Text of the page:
Prosecutors detail route of van
By the time the van stopped at the corner of Druid Hill Avenue and Dolphin Street, Officer William Porter opened the doors and heard Freddie Gray say, “Help” and that he couldn’t breathe. At that point, Porter picked Gray up off the floor of the van, but again did not place him in a seat belt.
Police protocols, in place since 1997 and updated just days before Gray’s arrest, require that detainees be seatbelted. An exception is made when the prisoner is combative. But Chief Deputy State's Attorney Michael Schatzow said that Gray wasn’t fighting the officer and posed no such danger.
“When those van doors closed, Mr. Gray was in a lot of trouble,” Schatzow said.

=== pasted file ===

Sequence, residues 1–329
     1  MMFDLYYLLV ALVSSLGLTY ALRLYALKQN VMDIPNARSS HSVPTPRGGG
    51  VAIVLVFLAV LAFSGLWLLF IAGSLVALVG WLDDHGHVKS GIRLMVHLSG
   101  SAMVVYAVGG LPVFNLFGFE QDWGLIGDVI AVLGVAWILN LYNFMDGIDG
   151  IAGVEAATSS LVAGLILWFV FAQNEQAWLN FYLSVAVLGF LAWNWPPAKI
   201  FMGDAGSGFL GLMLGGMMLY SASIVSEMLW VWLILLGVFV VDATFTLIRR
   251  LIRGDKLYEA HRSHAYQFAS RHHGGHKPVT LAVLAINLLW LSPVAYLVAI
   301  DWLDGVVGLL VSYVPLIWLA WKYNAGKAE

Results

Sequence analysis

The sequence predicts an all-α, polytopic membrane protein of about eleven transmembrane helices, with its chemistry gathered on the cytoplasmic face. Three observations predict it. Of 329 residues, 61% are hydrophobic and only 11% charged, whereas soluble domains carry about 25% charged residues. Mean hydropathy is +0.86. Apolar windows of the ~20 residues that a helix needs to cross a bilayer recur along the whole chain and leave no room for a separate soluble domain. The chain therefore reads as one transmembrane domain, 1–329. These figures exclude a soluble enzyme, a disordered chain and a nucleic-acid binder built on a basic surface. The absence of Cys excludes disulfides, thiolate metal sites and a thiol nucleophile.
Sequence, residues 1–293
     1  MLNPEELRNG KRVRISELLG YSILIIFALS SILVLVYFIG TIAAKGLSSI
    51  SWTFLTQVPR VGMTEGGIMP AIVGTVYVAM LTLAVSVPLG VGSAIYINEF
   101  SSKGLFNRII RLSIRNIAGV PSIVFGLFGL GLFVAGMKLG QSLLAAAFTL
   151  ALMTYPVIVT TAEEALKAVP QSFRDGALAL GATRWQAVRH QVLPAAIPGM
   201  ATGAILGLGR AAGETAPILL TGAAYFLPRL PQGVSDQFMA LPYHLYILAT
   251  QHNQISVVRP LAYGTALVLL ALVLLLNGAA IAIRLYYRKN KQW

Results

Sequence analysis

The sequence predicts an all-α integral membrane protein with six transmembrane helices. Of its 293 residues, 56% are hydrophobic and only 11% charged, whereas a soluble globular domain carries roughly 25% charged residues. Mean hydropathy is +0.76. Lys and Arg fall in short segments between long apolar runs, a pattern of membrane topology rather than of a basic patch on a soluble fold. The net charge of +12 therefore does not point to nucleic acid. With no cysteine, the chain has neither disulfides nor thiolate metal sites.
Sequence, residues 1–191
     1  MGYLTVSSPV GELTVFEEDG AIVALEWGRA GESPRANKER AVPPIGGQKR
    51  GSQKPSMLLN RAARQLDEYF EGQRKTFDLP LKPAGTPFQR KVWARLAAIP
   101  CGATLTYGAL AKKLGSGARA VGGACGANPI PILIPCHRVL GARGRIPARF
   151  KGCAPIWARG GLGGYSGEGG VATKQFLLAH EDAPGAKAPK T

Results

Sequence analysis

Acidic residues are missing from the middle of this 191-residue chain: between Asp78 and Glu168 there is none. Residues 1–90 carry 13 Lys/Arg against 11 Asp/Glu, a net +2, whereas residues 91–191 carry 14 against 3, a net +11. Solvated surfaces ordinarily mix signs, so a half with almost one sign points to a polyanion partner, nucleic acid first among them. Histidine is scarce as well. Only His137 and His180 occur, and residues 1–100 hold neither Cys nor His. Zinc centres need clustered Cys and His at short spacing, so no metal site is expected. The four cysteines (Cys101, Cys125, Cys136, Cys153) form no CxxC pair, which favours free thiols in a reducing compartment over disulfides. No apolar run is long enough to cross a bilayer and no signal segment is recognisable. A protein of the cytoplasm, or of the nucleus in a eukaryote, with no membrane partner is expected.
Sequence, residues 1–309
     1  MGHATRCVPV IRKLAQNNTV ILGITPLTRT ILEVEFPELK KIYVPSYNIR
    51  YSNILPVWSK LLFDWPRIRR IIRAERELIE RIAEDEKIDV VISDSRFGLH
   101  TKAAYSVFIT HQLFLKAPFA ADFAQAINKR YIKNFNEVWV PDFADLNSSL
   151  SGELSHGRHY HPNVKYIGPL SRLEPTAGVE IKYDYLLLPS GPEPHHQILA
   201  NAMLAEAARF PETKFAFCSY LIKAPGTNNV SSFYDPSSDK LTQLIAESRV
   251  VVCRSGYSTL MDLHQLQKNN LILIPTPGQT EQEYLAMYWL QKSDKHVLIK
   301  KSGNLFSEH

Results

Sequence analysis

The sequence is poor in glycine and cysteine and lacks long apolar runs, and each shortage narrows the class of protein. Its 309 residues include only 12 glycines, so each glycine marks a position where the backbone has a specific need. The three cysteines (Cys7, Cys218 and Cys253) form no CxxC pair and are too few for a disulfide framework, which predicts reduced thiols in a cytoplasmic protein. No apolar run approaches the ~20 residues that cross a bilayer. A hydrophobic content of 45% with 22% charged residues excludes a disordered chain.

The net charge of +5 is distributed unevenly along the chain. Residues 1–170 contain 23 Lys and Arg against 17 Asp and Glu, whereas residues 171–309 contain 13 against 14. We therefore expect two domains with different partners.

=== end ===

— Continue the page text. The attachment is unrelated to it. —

Gray suffered a high impact injury to his neck as the van continued. When the van made a fifth stop, Porter peered into the back and Gray was on his knees, slumped over. Porter described Gray to investigators as “limp,” and responding in the affirmative when asked if he needed to go to the hospital.
Police picked up a second arrestee, Donta Allen, and returned to the Western District police station. Allen was unloaded first, and when police looked in on Gray, he was in the same position as he had been at the fifth stop, Schatzow said.
“Now, Mr. Gray is unconscious. Now, Mr. Gray is not breathing. Now, Mr. Gray’s heart is not beating,” Schatzow said.